Yesterday NPR was full of stories about the logistical nightmare of getting rescue workers to Haiti. The only airport was a bottleneck, roads destroyed. Minutes count, and the big organizations can’t get through fast enough.
Meanwhile, survivors of the earthquake are pulling away the rubble to rescue people trapped alive.
“Where is the help?” she asked. The former government employee spits the question again and again, hands on her hips. “Where is the help? Is the U.N. really here? Does America really help Haiti?”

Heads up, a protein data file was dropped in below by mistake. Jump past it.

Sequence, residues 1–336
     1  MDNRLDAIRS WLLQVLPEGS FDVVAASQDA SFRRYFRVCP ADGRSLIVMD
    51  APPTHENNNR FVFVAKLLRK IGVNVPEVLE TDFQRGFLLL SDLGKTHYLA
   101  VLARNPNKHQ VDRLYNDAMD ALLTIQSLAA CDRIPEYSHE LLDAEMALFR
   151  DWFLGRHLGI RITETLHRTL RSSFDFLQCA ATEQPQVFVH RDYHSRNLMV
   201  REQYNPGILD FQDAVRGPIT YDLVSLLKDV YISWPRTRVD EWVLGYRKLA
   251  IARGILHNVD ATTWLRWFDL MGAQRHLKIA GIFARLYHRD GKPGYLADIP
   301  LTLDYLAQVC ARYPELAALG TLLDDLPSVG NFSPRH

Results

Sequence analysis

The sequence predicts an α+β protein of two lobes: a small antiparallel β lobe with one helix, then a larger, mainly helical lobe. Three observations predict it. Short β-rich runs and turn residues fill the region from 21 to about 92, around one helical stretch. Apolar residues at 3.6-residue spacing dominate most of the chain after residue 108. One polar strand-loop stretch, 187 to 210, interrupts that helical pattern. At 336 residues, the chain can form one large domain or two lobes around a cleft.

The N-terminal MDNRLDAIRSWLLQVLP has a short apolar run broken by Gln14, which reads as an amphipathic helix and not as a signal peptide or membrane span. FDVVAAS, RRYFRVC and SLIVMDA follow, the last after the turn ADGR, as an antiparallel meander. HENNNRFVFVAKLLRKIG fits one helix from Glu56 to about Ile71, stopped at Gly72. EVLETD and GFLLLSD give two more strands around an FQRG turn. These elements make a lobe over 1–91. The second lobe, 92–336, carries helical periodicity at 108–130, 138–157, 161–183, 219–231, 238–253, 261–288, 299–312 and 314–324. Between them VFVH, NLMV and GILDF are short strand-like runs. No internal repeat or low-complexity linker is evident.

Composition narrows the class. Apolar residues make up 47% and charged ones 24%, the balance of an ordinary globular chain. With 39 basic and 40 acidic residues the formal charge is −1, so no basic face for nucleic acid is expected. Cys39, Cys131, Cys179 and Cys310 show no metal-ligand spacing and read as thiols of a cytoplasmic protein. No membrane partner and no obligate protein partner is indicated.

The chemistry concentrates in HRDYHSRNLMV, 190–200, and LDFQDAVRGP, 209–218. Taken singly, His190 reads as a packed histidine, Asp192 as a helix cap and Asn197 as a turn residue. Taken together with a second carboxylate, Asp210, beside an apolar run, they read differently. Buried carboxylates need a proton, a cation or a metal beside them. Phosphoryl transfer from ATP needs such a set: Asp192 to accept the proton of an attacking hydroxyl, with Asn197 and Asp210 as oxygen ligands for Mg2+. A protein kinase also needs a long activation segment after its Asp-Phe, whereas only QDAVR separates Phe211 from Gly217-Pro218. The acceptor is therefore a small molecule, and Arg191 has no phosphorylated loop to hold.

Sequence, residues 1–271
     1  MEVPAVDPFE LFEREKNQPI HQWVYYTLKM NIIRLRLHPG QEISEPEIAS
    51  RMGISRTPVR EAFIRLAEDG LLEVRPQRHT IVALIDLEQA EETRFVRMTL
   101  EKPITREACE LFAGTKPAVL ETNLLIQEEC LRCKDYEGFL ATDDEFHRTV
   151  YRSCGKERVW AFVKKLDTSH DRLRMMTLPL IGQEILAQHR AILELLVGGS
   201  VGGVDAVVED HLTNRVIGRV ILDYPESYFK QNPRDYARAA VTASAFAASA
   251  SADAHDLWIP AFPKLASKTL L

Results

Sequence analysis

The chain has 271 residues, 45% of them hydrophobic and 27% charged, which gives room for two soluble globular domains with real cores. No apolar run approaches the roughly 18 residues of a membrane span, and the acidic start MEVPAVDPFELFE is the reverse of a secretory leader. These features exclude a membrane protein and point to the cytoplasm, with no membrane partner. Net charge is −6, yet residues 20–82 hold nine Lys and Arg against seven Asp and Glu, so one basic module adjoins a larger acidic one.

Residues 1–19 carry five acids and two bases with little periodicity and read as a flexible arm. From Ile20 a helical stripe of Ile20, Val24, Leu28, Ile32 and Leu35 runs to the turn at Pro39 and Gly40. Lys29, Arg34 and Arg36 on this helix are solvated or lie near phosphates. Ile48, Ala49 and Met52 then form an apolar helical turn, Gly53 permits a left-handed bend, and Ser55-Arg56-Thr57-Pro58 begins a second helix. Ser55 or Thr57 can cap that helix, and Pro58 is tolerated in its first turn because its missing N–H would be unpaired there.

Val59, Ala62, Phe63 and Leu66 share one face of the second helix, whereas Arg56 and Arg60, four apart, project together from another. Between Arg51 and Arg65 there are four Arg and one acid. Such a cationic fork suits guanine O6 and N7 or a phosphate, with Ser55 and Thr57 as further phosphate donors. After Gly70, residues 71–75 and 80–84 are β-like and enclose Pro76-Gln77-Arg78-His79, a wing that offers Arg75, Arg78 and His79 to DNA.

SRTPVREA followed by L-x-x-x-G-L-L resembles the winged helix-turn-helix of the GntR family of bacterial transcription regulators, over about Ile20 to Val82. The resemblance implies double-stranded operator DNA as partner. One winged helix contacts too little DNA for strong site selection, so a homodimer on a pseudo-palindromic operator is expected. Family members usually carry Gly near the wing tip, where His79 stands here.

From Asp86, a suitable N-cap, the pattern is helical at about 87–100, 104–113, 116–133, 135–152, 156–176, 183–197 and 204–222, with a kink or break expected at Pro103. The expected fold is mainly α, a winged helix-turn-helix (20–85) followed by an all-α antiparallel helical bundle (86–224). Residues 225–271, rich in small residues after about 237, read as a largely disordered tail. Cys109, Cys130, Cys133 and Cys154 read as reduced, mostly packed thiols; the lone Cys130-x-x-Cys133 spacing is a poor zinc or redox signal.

In the absence of any visible relief effort in the city, the help came from small groups of Haitians working together. Citizens turned into aid workers and rescuers. Lone doctors roamed the streets, offering assistance.
As in other disasters, we will see endless film of dazed and injured survivors waiting for help. As in Katrina, the citizens who saved people from rooftops using rowboats and rafts will be further away from the cameras.
So check out this post, from the ground in Haiti–